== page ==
The value of your library

Everybody loves free. Sometimes, the fact that something is free is more important than whether or not you want that thing, whether it’s a piece of clothing from a friend, a book from the basement laundry room, or a chair by the side of the road (ever wonder where all the clutter in your house comes from?)

We often say that you can get books (and movies, and magazines, and music…) for free at the library, and you can! But of course, it isn’t exactly free; your taxes help pay for it, and the library receives generous donations through the Friends of the Library every year. However, you’ll probably find that, even if you only use the library a couple times a year, it’s still a very, very good deal.

How good? Visit and use the Library Value Calculator to find out how much the library is worth to you. Just enter your annual use on the left side (“input”), and hit “calculate” at the bottom. For example, say you check out one book a month, which is twelve books a year. If you had bought those books instead, you would have spent about $204. Now say you only check out six books a year, but six movies as well: that’s a $126 value.

All right, now how does that compare to how many of your tax dollars go to support the library? In FY2010, library spending per capita in Arlington was $44.57.* So if you borrowed just one book, two movies, and a museum pass over the course of the year (a $45 total value), your taxes are already more than worth it. And, if you’re one of those people who visits the library on a daily, weekly, or even monthly basis to check out books and movies, attend programs, use a study room, read a newspaper or magazine, use a public computer or wireless access, or ask questions at the reference desk, well then…you’re getting a great value.

If you’re still doubtful of the library’s worth, let’s compare it to other things you might spend $44 on. That amount could get you a subscription to Netflix (streaming only)…for just five months. It could get you four and a half albums from iTunes. It could get you your morning coffee…for about two weeks. It would just about cover movie tickets for a family of four, but it wouldn’t stretch to dinner. It might get you a pair of jeans, depending on where you shop.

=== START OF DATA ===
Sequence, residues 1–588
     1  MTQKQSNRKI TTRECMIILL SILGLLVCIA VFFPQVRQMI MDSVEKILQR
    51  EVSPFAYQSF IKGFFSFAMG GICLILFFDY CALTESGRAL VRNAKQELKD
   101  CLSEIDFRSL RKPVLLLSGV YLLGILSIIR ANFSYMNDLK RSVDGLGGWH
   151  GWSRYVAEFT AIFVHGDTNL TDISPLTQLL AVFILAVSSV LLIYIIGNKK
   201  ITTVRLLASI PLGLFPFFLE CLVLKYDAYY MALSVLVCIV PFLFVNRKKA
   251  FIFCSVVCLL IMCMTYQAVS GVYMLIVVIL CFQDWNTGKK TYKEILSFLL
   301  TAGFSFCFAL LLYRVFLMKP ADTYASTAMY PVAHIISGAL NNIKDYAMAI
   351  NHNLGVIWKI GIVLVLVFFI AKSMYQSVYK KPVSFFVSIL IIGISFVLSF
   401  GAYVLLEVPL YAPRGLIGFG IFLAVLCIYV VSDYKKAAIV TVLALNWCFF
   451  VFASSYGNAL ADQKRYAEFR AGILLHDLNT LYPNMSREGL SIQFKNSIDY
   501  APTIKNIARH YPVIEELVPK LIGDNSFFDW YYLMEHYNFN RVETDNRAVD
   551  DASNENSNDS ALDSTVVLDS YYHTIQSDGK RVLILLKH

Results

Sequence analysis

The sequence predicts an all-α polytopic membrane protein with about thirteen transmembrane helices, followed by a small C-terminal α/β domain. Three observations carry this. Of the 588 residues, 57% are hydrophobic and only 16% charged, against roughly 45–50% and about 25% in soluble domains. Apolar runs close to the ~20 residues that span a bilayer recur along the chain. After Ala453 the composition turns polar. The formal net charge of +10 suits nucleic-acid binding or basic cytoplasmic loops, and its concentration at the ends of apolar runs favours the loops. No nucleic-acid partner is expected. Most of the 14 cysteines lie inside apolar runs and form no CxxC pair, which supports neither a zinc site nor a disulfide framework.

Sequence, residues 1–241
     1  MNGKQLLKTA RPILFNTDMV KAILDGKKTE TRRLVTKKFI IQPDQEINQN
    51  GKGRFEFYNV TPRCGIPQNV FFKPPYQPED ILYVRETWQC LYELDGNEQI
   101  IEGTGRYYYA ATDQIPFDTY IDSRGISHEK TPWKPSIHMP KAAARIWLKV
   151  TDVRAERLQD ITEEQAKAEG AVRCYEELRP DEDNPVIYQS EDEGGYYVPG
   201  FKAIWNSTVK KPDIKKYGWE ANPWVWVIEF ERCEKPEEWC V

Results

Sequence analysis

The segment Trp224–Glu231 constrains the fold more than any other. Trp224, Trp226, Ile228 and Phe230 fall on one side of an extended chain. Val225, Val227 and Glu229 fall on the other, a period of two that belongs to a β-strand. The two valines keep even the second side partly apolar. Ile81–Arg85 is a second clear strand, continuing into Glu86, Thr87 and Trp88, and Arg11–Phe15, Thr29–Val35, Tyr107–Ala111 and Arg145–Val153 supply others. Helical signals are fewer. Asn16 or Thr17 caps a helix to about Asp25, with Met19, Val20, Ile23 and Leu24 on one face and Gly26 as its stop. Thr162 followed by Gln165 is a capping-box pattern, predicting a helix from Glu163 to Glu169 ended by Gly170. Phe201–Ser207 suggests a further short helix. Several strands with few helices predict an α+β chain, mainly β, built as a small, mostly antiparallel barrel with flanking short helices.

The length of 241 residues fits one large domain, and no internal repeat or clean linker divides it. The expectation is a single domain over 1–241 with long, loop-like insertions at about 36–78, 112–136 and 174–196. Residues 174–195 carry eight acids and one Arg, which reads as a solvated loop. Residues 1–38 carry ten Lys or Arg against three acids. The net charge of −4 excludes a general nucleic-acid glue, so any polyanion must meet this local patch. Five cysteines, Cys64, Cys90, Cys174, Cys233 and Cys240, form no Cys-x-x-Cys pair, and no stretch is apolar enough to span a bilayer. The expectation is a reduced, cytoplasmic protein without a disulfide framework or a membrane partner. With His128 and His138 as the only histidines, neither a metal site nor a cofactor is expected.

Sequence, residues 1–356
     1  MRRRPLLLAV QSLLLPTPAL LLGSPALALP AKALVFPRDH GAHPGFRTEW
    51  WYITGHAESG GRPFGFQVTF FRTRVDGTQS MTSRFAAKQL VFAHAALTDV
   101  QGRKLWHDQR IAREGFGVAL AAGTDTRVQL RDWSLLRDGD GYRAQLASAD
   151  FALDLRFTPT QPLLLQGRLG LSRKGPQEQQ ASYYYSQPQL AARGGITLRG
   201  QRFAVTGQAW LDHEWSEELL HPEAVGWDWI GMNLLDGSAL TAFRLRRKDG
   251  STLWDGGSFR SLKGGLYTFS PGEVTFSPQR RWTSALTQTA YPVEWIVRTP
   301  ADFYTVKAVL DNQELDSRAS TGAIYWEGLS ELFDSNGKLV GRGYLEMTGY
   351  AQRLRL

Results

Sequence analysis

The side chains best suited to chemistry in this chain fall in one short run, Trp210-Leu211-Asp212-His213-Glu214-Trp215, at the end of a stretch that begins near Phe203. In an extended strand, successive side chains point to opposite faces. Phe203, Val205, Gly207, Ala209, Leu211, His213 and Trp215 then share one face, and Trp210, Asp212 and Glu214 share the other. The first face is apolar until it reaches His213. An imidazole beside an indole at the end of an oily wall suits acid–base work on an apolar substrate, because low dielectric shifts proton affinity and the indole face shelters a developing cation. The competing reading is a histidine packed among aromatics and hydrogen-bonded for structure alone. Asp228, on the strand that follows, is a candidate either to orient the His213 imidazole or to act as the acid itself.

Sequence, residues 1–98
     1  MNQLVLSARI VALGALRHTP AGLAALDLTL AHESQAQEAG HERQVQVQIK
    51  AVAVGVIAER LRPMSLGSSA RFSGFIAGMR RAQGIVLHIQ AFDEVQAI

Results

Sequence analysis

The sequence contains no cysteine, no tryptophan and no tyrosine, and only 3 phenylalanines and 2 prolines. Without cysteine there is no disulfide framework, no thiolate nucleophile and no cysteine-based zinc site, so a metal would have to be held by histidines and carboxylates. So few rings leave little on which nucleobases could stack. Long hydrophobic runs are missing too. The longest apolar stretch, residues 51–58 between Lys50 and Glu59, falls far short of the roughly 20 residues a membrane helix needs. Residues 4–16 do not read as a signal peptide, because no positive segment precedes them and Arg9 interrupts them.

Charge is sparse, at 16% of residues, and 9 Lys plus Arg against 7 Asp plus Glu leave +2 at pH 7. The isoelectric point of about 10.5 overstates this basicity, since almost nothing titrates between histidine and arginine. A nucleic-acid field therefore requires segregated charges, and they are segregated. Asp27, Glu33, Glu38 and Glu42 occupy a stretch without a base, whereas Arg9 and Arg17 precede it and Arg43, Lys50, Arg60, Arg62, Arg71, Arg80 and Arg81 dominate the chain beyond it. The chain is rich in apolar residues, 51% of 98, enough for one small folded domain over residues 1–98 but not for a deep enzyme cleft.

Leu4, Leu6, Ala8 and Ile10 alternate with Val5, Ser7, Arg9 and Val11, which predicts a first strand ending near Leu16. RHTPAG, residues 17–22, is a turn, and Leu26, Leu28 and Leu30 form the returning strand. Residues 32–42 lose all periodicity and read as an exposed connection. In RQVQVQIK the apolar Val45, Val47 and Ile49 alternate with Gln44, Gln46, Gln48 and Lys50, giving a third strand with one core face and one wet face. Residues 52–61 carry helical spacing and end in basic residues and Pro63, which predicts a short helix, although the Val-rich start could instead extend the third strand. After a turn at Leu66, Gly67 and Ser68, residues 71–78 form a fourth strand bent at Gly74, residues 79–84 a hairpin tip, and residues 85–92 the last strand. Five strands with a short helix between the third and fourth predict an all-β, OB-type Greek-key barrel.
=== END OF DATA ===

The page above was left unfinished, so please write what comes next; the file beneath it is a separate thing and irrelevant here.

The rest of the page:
Forty-four dollars already gets you unlimited access to tens of thousands of books, thousands of movies and e-books and audiobooks, and dozens of magazine and newspaper subscriptions; access to museum passes, study rooms, and public computers, and programs like storytime for children, concerts for teens, and local author talks for adults; and of course, free help from friendly librarians who are equipped to help with your information needs.

Furthermore, municipal funding is significant not just because of what it allows the library to provide in terms of materials and staff, but because with it, the library meets the municipal appropriations requirement (MAR) to qualify for state aid to public libraries. Certified libraries – such as Robbins (and Fox)! – receive state aid, and get to participate in resource-sharing consortia like our own Minuteman Library Network. Arlington libraries receive over $40,000 in state aid, and the interlibrary loan (ILL) system enables Robbins and Fox to borrow from, and lend to, other libraries in the consortium. In FY11, Arlington library patrons benefited tremendously from this arrangement, requesting and receiving 67,897 loans from other libraries, worth nearly $1.7 million.

All that for $44. Worth it? We think so.

*Public library data is available from the Massachusetts Board of Library Commissioners (MBLC); see the “Public Library Share of the FY2010 Massachusetts Municipal Pie” report (PDF). See municipal budget data in the Town of Arlington Annual Report.

This entry was posted in Uncategorized. Bookmark the permalink.

3 Responses to The value of your library

  1. Pingback: Book it to the library « Jenny Arch

  2. Margy Rydzynski says:

    Reblogged this on Collectables and commented:
    Worth every penny!

  3. Pingback: Micro Libraries: Promoting literacy on a street corner near you | lasesana

Leave a Reply

Fill in your details below or click an icon to log in: Logo

You are commenting using your account. Log Out /  Change )

Google photo

You are commenting using your Google account. Log Out /  Change )

Twitter picture

You are commenting using your Twitter account. Log Out /  Change )

Facebook photo

You are commenting using your Facebook account. Log Out /  Change )

Connecting to %s